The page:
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The Digispark is an Attiny85 based microcontroller development board similar to the Arduino line, perfect for when an Arduino is too big. The


  • Attiny85
  • Power via USB or External Source (regulated 5v or 7-35v, 12v or less recommended with automatic selection)
  • On-board 500ma 5V Regulator
  • Built-in USB
  • 6 I/O Pins (2 are used for USB only if your program actively communicates over USB, otherwise you can use all 6 even if you are programming via USB)
  • 8k Flash Memory (about 6k after bootloader)
  • I2C and SPI (vis USI)
  • PWM on 3 pins (more possible with Software PWM)
  • ADC on 4 pins
  • Power LED and Test/Status LED


Arduino IDE 1.6.5 or newer is needed (I tried it on version 1.6.7).

  1. Go to "File -> Preferences" and in the field "Additional Boards Manager URLs" introduce http://digistump.com/package_digistump_index.json and click OK.
  2. Then go to "Tools -> Boards -> Boards Manager" and in the box "Type" select “Contributed”. Select the “Digistump AVR Boards” package and click the “Install” button.
  3. If you are using GNU/Linux you might need to add the rules for the USB programming device.
  4. Now you can select the board for developing from "Tools -> Boards", most probably the device you have is “Digispark (Default - 16.5mhz)”.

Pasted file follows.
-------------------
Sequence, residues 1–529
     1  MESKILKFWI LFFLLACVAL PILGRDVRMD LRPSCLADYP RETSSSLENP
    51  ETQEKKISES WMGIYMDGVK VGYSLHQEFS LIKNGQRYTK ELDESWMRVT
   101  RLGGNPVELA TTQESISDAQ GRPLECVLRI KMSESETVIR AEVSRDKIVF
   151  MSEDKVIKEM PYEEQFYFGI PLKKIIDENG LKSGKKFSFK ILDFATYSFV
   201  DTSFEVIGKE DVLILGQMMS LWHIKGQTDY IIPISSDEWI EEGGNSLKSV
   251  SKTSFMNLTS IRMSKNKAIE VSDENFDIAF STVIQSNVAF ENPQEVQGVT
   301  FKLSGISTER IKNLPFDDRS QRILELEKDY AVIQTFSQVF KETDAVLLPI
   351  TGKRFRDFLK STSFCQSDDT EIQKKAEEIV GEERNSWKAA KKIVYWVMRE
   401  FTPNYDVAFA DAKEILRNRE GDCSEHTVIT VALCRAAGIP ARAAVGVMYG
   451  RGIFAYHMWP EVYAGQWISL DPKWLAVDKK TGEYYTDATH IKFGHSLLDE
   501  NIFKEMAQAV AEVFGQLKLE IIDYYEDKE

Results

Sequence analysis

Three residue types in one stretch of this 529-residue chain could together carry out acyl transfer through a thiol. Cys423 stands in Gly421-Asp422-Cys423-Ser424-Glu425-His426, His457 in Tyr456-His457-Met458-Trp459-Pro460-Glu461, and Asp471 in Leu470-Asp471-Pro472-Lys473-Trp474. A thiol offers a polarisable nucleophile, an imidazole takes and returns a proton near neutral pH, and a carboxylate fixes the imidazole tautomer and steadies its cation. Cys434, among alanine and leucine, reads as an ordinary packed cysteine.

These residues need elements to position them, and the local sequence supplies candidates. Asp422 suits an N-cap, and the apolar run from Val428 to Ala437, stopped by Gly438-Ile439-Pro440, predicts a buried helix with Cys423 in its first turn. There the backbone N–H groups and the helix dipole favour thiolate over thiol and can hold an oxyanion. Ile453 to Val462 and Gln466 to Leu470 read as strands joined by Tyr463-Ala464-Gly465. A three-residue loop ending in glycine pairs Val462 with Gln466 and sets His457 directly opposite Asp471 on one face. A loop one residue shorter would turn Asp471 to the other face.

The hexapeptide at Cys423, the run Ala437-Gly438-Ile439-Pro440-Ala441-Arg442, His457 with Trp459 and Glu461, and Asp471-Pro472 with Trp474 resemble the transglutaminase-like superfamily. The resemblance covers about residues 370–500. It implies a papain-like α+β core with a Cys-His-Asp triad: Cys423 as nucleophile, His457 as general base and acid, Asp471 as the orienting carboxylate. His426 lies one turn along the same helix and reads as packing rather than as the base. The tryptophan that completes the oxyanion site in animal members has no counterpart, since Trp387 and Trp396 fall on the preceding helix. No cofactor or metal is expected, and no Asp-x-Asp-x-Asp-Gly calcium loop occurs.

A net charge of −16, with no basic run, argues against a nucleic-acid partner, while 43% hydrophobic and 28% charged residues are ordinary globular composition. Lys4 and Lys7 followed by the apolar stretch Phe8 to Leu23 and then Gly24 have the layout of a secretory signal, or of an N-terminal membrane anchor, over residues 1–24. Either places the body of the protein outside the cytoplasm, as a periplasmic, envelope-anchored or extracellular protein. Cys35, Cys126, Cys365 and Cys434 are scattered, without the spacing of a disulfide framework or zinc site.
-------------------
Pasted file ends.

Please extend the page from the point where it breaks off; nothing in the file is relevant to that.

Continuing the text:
Linux Rules

If you are running GNU/Linux and getting errors on upload or other strange results you might need to add the USB device to udev. You must place the udev rules below into a file named /etc/udev/rules.d/49-micronucleus.rules

Create the /etc/udev/rules.d/49-micronucleus.rules files with this content (setting up the correct permissions for user and group if desired):

# UDEV Rules for Micronucleus boards including the Digispark.
# This file must be placed at:
# /etc/udev/rules.d/49-micronucleus.rules    (preferred location)
#   or
# /lib/udev/rules.d/49-micronucleus.rules    (req'd on some broken systems)
# After this file is copied, physically unplug and reconnect the board.
SUBSYSTEMS=="usb", ATTRS{idVendor}=="16d0", ATTRS{idProduct}=="0753", MODE:="0666"
KERNEL=="ttyACM*", ATTRS{idVendor}=="16d0", ATTRS{idProduct}=="0753", MODE:="0666", ENV{ID_MM_DEVICE_IGNORE}="1"
# If you share your linux system with other users, or just don't like the
# idea of write permission for everybody, you can replace MODE:="0666" with
# OWNER:="yourusername" to create the device owned by you, or with
# GROUP:="somegroupname" and mange access using standard unix groups.

Then restart the system or run this command to apply the rules:

udevadm control --reload-rules